5 Questions: Purdue Boilermakers

Its that time again, another the first rousing edition of five questions this season.  We check in with our favorite Purdue blog, Off the Tracks, where T-Mill drops some knowledge for us:

1. Obviously, Northern Colorado is not an opponent that offers a real test. Did you find out anything about your team against UNC?

We found out that we still have quite a bit to work on, but here were some nice positives. Keith Smith, a converted quarterback and safety, made his first start at wide receiver. He gives us a big, physical presence in the slot we haven?t had at Purdue. He led us with six catches for 67 yards and a touchdown. Desmond Tardy also proved to be very elusive with 3 catches for 112 yards and one big kickoff return he nearly took to the house.?

The other big thing was our special teams play. We had two big kickoff returns, blocked two punts (one for a touchdown), and nearly got to a third. Our true freshman punter and kickoff specialist also had no major problems. After years of struggles on special teams, it is nice to have this as a strength.

2.  Your defense was much maligned last year. Are they really that bad, or is there reason to believe that they've improved? What are some weaknesses and bright spots?

I truly think the defense is much improved this year. We have a very deep, big, and talented defensive line. Alex Magee, who moved over from tackle, is the biggest D-end we?ve had in years. Our secondary, because it was forced onto the field very early the past two seasons, is both young and experienced. The emergence of former walk-on Frank Duong and JuCo transfer Dwight McLean gives us some depth to. Three defensive players (Keyon Brown, Nickaro Golding, and Josh McKinley) will also be coming off of one game suspensions to play.?

Our weakness is linebacker. Anthony Heygood is pretty good on the outside, but Kevin Green continues to be overmatched in the middle and Jason Werner, who is allegedly our best linebacker, is out once again. He had recurring back issues before this season that kept him off the field. They were supposed to be solved, but they suddenly flared up before the Northern Colorado game and he is out again. He likely won't play Saturday.

3.  Jaycen Taylor is out for the season with a knee injury. What does your running game look like without him?

I think it looks pretty good. Kory Sheets is the feature back and he ahs been playing for four years now. He is actually 4 touchdowns away from breaking the Purdue career touchdown mark. He is elusive and has some breakaway speed, but has struggled with fumbles throughout his career. Frank Halliburton started as a fullback, but showed last week he can do a little bit of everything. He blocked both punts last week and had a 12 yard gain on one of his two carries. Dan Dierking will likely carry the ball more than him. He is a true sophomore that is a pretty good young talent, but he may be a tad undersized. Former quarterback Justin Siller is huge for a running back, and could be a great short yardage guy.

4.  Much like Oregon, Purdue runs a no-huddle spread offense. What does the Purdue spread look like (as far as pass/run ratio, quarterback as a running threat, etc.).

Well, to be honest, if we're behind you can likely forget about us running the ball. This has been a frustration for years. Even when behind by the smallest of margins we completely abandon the running game. Normally we're probably a 65/35 team in favor of the pass.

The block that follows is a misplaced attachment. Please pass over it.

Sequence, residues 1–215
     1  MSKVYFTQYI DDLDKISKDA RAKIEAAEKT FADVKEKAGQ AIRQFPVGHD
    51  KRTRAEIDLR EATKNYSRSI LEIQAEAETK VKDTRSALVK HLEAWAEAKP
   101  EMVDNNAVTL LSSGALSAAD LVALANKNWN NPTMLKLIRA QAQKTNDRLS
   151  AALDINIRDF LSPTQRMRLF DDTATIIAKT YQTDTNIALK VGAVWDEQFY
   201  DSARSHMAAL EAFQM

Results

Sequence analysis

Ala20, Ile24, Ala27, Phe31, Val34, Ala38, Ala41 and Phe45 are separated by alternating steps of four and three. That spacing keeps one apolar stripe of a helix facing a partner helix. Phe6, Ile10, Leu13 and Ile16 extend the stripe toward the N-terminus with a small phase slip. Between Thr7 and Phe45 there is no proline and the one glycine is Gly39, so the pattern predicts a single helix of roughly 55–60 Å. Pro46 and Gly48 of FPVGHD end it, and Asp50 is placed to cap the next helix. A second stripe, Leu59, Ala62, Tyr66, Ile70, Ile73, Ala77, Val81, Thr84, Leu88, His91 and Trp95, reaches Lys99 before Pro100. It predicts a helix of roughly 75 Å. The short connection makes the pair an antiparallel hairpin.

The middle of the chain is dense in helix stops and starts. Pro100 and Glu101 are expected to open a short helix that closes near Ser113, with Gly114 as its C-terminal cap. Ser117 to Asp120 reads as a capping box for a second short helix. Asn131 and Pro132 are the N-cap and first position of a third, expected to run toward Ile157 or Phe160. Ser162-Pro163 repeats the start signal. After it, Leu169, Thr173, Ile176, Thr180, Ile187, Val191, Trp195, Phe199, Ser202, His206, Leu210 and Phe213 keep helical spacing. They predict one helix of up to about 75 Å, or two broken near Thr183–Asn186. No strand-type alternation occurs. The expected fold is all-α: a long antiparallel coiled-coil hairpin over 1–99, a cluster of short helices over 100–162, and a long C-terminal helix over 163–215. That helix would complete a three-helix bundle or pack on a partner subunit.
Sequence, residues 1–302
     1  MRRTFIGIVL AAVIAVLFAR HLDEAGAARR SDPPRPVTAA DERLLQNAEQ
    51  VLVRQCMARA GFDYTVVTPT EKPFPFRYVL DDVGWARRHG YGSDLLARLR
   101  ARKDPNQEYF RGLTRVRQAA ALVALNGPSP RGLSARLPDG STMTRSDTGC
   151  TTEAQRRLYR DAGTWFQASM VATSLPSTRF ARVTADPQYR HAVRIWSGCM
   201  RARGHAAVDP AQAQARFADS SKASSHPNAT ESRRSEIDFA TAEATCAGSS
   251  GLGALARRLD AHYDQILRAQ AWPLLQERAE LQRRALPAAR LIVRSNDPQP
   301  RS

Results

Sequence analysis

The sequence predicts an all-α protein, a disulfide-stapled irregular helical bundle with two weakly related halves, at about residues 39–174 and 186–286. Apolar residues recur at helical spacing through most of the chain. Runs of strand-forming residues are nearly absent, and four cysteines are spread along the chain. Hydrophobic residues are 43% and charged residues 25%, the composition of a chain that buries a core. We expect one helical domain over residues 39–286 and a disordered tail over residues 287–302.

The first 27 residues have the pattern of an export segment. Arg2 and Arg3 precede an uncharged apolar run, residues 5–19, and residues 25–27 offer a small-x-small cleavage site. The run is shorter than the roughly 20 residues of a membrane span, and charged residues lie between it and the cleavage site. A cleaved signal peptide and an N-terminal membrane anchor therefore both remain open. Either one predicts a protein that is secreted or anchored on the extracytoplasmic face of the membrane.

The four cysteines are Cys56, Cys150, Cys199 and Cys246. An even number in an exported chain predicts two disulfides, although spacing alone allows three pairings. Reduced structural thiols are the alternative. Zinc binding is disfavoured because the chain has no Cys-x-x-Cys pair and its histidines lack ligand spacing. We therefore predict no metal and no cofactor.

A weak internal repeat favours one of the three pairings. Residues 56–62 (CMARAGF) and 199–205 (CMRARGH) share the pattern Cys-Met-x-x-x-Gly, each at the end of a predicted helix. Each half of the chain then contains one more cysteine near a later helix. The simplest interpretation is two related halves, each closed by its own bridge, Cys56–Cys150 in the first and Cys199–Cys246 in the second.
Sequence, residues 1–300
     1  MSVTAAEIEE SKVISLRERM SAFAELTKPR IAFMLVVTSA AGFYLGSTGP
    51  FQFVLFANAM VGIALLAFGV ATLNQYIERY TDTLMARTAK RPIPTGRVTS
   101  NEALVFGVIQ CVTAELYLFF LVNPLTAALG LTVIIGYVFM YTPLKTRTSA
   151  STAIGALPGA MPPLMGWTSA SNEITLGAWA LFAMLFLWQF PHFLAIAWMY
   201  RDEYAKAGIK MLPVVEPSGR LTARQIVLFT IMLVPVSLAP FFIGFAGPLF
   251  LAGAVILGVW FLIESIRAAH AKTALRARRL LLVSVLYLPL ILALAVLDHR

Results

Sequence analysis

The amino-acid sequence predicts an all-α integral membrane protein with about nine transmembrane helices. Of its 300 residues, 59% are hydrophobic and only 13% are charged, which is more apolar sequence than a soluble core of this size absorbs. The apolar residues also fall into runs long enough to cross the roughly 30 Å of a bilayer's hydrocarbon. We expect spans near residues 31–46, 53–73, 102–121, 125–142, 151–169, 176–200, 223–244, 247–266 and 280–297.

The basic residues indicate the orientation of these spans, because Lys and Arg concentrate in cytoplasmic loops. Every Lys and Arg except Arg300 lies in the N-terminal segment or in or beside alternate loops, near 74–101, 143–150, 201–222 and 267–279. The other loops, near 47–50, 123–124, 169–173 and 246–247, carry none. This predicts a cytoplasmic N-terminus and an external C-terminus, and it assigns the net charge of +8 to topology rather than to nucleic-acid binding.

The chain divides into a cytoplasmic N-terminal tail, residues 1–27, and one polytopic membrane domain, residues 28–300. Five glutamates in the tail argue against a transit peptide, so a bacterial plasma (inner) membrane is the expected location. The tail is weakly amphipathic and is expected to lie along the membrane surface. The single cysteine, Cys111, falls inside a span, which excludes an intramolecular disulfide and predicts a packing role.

As far as Painter being a running threat, he was early in his career. During his freshman year we ran an offense very similar to Oregon's and he put up good numbers on the ground. Now he has a tendency to stay in the pocket a little too long. As I said in my Oregon preview this week, we're a better team when the quarterback isn't afraid to tuck and run when the opportunity presents itself. He ran for 251 yards in seven games as a freshman, 107 as a sophomore, and -20 last year. He does have an impressive 13 touchdowns though.

5.  We know that it's likely to be rainy with a possibility of thunderstorms, that Purdue is looking to grow out the grass, and that it doesn't have lights. We don't really know about the noise levels. How will these stadium conditions affect the game? And what happens when a game goes long (not having lights and all?).

We don't have permanent lights, but they have brought in portable lights several times before. They have been at nearly every late afternoon kickoff I have ever been to, so they will most likely be there on Saturday. We played Ohio State last season in an 8pm kickoff, so a night game at Ross-Ade is not unusual. We usually need the lights for at least one game per year and its fine.

As far as the grass and weather, Purdue is interesting in that it is the only Big Ten Stadium that has always featured natural grass. Everyone else has gone to turf at some point or another, and many have gone back to the field turf. We actually developed Prescription Athletic Turf. It drains very well and supposedly can handle rain up to an inch per hour, so the field should hold up. It may slow down Oregon, but if it is raining hard it will likely hurt our passing game more.

As far as crowd noise, I don't think it will be an issue. Ross-Ade can get pretty loud, but this won't be a sell out. We normally only sell out against Notre Dame, Ohio State, and sometimes Indiana. The rest of the time it takes a pretty special game to sell the place out. It is embarrassing, but so many Purdue ticket holders sold their tickets to the big Ohio State game last season the Buckeye fans were able to do the O-H-I-O cheer in the round in our house.

Honestly, Purdue is desperate for a big win like this to get some of the crowds back.

Big thanks to T-Mill for taking the time.  Here's to a great game on Saturday.

GO DUCKS!!!

--Dave

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